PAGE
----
Notes lifted verbatim from National Portrait Gallery website -
 

 

The Victoria and Albert Museum Terracotta Bust of Shakespeare by Michael Rysbrack and the Engravings of Shakespeare.

 
 
A Terracotta Bust of William Shakespeare.
By Michael Rysbrack.
Victoria and Albert Museum.
c.1742/3.
Height: 57 cm, Width: 50 cm, Depth: 26 cm
Victoria and Albert Museum.
This bust is assumed to be the model for the stone bust of c.1743 in the Temple of British Worthies at Stowe, Buckinghamshire.
Given by Mrs M.A. Miller, Anglesey House, Isle of Wight in 1924 in memory of her father Augustus William Rixon, to whom the bust had previously belonged.
 
A business card for E.W. Field, Dealer in Antiques and Works of Art, 28 Union Street, Ryde, Isle of Wight, was found amongst the papers relating to the objects offered as gifts to the Museum by Mrs Miller, and may indicate he acted as an agent for the donor.
 
This bust is directly derived from either the engraving by George Vertue or Gaspar Duchange of the original by Benjamin Arlaud (see below).
 
 
 
 
 
 
 
__________________________
 
The Teddesley Hall Terracotta bust of William Shakespeare by Michael Rysbrack.
For Sir Edward Littleton (disappeared).
One of eight busts of British worthies - three now being in the National Maritime Museum - made by Michael Rysbrack for Sir Edward Littleton, for Teddesley Hall, his new house near Stafford (now demolished), which he was furnishing in the neo-classical style.
 They comprised four pairs: Raleigh and Bacon (SCU0005), Shakespeare (disappeared) and Pope (now in the Fitzwilliam Museum, Cambridge), Cromwell (SCU0014) and Milton (Fitzwilliam), and Newton and Locke. Lord Hatherton (the Littleton barony dating from 1835) consigned these - excluding Shakespeare - and other Rysbracks that his ancestor had purchased, with the related Rysbrack letters about them, to Spink's for exhibition and sale in July 1932.
 Spink's related illustrated catalogue by Mrs Arundell Esdaile ('The Art of John Michael Rysbrack in Terracotta') fully transcribes the letters and is otherwise comprehensive. She proposed that the undated one of Cromwell may have been the bust that Vertue saw in Rysbrack's workshop in 1732, which would make it the earliest. Old NMM record cards identify that of Pope as possbly 1735 and in the NPG ( wrong - in the Ashmolean with Milton); Milton as 1738, now at Stourhead (based on Rysbrack's Westminster Abbey monument and another bust done for William Benson) (wrong it is in the  Ashmolean as is the bust Alexander Pope); Newton (1739), now at Trinity College, Cambridge; Locke (1755?) in the Royal Collection.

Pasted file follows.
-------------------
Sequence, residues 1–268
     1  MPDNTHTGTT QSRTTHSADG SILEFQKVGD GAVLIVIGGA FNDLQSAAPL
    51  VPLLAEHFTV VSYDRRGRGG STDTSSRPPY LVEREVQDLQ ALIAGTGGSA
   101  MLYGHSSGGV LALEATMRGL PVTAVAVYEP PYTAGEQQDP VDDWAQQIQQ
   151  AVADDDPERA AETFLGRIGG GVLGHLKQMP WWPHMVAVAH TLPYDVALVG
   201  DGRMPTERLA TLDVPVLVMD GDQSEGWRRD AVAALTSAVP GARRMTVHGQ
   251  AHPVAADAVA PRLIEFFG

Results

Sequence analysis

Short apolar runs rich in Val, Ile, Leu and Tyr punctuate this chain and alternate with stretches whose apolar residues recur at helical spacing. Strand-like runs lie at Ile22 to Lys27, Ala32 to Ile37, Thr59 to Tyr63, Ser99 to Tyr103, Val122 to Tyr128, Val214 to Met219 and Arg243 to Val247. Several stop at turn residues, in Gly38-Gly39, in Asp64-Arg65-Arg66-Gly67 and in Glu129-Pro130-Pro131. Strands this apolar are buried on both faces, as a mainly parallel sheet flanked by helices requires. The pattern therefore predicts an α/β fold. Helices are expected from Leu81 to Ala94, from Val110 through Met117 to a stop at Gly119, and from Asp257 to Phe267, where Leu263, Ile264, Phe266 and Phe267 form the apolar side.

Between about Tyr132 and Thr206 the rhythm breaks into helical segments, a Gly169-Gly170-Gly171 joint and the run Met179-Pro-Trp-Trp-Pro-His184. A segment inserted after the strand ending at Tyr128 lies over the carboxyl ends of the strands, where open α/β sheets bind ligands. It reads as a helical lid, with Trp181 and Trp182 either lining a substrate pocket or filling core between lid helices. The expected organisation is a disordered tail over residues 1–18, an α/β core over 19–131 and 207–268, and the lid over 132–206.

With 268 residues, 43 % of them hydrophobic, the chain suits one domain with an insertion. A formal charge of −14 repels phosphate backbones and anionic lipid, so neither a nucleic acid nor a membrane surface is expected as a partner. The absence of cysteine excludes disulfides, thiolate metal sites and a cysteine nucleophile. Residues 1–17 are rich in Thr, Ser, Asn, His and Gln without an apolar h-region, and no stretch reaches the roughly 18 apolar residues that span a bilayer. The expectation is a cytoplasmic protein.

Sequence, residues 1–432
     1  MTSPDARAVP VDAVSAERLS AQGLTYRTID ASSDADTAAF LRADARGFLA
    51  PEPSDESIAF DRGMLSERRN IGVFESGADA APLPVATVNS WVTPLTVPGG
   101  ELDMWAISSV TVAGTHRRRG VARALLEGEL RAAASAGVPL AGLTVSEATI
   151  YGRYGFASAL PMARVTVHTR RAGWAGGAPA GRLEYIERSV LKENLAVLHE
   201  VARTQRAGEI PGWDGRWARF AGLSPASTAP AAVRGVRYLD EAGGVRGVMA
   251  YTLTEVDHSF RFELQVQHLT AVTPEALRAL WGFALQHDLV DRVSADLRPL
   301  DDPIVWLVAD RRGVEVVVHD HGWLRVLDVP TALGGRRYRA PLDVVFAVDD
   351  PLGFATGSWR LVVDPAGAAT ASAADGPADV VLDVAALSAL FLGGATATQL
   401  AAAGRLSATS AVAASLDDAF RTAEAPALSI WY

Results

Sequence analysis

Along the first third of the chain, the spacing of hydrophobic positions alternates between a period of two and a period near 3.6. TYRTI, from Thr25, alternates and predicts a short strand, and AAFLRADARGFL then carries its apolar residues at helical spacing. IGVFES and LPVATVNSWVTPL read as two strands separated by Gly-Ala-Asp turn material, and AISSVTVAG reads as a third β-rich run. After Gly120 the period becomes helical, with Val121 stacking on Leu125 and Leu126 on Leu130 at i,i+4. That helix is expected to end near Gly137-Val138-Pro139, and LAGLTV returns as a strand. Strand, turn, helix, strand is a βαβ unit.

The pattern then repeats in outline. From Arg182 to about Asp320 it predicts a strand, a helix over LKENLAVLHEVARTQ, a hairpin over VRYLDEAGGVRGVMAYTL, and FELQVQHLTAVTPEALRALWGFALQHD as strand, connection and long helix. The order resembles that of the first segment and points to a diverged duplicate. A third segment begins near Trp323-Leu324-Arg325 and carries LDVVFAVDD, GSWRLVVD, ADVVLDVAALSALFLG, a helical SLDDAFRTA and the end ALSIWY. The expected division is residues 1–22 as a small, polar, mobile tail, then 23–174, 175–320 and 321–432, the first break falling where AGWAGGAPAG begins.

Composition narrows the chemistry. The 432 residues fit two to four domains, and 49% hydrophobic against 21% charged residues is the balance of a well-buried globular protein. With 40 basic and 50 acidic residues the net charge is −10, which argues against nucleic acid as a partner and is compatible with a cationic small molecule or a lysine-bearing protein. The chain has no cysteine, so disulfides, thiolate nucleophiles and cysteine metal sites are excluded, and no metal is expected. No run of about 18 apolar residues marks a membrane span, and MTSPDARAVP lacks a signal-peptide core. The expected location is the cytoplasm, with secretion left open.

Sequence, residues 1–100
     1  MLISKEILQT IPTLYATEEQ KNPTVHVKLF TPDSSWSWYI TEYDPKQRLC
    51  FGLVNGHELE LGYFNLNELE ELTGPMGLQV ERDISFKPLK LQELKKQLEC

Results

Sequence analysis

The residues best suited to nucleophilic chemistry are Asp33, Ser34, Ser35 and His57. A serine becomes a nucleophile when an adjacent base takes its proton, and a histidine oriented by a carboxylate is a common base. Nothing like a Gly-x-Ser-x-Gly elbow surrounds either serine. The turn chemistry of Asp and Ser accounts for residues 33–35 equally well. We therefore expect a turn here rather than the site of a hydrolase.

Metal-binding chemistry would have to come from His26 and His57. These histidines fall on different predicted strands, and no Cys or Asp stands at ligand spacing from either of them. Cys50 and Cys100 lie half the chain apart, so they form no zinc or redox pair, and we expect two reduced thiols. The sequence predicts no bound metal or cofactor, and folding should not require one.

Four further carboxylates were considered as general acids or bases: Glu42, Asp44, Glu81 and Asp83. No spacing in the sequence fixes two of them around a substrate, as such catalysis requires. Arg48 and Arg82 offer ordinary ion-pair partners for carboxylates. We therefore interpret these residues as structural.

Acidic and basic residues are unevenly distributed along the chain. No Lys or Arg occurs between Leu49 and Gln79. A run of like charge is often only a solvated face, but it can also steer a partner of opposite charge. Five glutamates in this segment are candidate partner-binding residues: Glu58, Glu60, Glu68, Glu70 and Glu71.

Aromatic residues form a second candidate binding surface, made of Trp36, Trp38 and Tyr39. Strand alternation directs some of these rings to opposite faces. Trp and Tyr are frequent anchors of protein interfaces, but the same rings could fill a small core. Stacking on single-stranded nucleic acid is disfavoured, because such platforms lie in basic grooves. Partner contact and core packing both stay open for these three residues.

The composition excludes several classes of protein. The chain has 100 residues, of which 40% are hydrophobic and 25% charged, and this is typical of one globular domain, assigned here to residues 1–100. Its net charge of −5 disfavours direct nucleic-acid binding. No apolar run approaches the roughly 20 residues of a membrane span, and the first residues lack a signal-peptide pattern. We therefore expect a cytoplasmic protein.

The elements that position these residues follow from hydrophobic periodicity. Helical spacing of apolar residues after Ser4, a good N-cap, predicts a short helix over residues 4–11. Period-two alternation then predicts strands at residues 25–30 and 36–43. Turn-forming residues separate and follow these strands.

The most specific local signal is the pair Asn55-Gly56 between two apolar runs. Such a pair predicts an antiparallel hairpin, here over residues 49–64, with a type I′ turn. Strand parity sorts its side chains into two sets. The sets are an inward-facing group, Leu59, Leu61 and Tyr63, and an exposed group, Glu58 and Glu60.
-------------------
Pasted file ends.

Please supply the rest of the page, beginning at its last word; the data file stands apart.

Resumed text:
That of Shakespeare is unlocated but the V&A has one that may at least be a version.
 Raleigh and Bacon were conceived as a pair and the most expensive at 25 guineas each, though the sources for the Raleigh are not certain and it was not started until the Bacon had been sent off in June 1757: the others were all 16 guineas. These two, with the bust of Cromwell, were purchased for the Museum at Spink's by Sir James Caird. In 1930 he had already bought from Hatherton, and also through Spink, Hogarth's portrait of Inigo Jones (BHC2810), which Sir Edward Littleton had commissioned as another British notable.
Info from National Maritime Museum -
 

see -




 
 
_________________________
 
 
 
 
William Shakespeare
Life Size Stone Bust 1743.
Michael Rysbrack
Temple of British Worthies
Stowe, Buckinghamshire.
_______________________________________
 
 
 

Engraving by George Vertue.
1715.
 Despite the inscription it appears to be Vertue recycling his original engraving of 1715 of the Shakespeare monument in St Mary's Stratford.
Inscribed - Done from the original in the possession of Robert Keck of the Inner Temple Esq. The'Chandos portrait', now in the NPG, which was first recorded when it passed from the collection of Robert Keck to his cousin, Francis, on the former's death in 1719.
George Vertue, writing on the Chandos Portrait in 1719 records -
'The picture of Shakespeare ('the only' crossed out) one original in Posesion/ of Mr Keyck of the Temple. he bought for forty guinnea/of Mr Baterton who bought it off Sr W. Davenant. to whom it was left by will of John Taylor. who had/it of Shakespear.it was painted by one Taylor a player and painter contemp: with Shakes and his intimate friend. The name 'Richard Burbage' is crossed out in the margin. (later insertions in bold.
 Mr Betterton told Mr Keck several times that the / Picture of Shakespeare he had, was painted by one John Taylor / in his will he left it to Sir William Davenant.& at / the death of Sir Will Davenant - Mr Betterton bought / it & at his death Mr Keck bought it in whose / poss.it now is (1719 in the margin)'.
Despite this there is still some doubt - Davenant is known to have embroidered his relationship with Shakespeare for his own ends
For a fuller discussion on the subject of this portrait see -
Searching for Shakespeare, Tarnya Cooper, Yale University Press. 2006



 
 

William Shakespeare
Engraving by Gaspard Duchange (1662 - 1757)
After Benjamin Arlaud (1670 - 1731).
180 x 115 mm.
The BM says after Arnaud's version of the Chandos portrait;
A closer inspection reveals that it is very close to the George Vertue engraving of 1721  of the monument in St Mary Church Stratford upon Avon.
This Illustration to Theobald's edition of the 'Works of Shakespeare'. 1733.
British Museum.
 
It appears that this engraving was derived from a retouched plate of 1709 used in the Nicholas Rowe (1674 - 1718) 6 volume edition of the works of Shakespeare published by Jacob Tonson. Rowe became Poet Laureate. 
 
For a downloadable article written on the Arnaud/ Duchange engraved portrait see
 
 
 
 Frontispiece to Rowe's Shakespeare  1709.
Engraving by van der Gucht.
 
British Library.